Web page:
Stop making Harambe memes, Cincinnati Zoo says

In this May 30, 2016 file photo, Alesia Buttrey, of Cincinnati, holds a sign with a picture of the gorilla Harambe during a vigil in his honor outside the Cincinnati Zoo & Botanical Garden, in Cincinnati.  (AP Photo/John Minchillo, File)

Harambe, the 17-year-old gorilla that was killed in May at the Cincinnati Zoo, remains the focus of many memes, jokes and sarcastic memorials, and the zoo wants the mockery to stop.

"We are not amused by the memes, petitions and signs about Harambe," Thane Maynard, Cincinnati Zoo's director, told the Associated Press. "Our zoo family is still healing, and the constant mention of Harambe makes moving forward more difficult for us. We are honoring Harambe by redoubling our gorilla conservation efforts and encouraging others to join us."

Harambe was shot and killed on May 28 when a 3-year-old boy climbed into the gorilla enclosure at the Ohio zoo. Zoo officials said they feared that the animal would kill the child.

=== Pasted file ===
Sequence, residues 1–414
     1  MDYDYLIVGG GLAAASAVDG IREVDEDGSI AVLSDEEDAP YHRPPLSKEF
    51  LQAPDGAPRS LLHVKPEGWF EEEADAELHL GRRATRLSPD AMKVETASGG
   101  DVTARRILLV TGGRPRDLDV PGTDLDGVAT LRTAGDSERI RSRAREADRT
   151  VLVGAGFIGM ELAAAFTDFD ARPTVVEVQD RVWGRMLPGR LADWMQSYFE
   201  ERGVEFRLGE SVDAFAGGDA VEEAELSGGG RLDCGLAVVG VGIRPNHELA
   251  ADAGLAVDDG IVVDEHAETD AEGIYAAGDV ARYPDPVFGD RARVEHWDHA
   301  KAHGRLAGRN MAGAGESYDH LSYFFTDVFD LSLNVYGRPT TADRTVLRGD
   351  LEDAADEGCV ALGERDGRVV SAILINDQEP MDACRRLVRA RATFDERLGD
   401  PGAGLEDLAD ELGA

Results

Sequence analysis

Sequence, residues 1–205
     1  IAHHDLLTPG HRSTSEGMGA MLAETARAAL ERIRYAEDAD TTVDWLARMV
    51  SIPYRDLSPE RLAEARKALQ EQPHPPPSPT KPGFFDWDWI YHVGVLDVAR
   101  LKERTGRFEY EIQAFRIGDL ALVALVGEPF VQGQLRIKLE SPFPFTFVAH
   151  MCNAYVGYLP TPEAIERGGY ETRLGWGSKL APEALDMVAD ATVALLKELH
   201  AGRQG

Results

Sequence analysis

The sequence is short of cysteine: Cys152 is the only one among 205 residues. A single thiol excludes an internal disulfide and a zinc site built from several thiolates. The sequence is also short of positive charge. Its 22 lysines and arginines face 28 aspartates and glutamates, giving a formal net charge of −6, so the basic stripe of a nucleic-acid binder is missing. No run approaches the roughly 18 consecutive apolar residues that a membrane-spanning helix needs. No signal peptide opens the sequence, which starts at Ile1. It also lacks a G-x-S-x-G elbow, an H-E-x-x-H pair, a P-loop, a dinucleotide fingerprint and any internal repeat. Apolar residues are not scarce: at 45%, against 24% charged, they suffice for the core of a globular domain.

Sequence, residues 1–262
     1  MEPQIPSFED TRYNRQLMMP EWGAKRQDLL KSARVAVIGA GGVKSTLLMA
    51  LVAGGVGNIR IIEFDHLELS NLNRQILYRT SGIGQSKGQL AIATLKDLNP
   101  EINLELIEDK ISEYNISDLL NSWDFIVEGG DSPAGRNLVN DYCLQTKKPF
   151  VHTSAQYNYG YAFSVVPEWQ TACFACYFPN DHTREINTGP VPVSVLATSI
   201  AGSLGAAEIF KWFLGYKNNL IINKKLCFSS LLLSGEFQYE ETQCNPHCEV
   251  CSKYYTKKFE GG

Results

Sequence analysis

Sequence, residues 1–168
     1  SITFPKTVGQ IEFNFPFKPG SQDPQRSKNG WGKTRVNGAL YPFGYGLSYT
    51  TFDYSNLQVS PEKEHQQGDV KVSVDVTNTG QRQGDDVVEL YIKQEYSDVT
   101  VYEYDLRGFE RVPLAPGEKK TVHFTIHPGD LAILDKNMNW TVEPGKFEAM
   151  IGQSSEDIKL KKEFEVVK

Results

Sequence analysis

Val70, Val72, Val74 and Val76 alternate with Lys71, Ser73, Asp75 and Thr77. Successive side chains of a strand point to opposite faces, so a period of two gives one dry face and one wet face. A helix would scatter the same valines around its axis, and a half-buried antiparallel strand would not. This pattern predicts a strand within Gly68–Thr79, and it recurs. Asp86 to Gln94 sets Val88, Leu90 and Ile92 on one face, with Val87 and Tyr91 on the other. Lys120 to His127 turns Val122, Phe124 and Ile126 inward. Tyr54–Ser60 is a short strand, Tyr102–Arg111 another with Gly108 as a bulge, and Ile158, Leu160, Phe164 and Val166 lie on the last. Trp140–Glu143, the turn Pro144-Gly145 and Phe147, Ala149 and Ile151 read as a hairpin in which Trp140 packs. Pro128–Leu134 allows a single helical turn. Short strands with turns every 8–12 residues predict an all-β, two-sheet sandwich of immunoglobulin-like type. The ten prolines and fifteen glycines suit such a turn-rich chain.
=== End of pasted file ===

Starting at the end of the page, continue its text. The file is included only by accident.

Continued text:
Since his death, Harambe has continued to make headlines. Two such instances include a poll showing thousands of people said they would prefer Harambe over political figures vying for the presidency and when people petitioned for a Pokemon character to be created in the gorilla's image.

"At first, the petitioners had good intentions," said James Leggate, a web editor for WCPO-TV. Leggate recently started a petition asking that petitions about Harambe stop. "But then the goofuses of the internet hopped on the Harambe train for their jollies, and it has gotten out of control."

"'Harambe!' as an exclamation is popular among teens," Jean Burgess, an expert in digital culture and memes at the Queensland University of Technology, in Brisbane, Australia, told The Washington Post. "Teens love edgy, slightly unacceptable humor."

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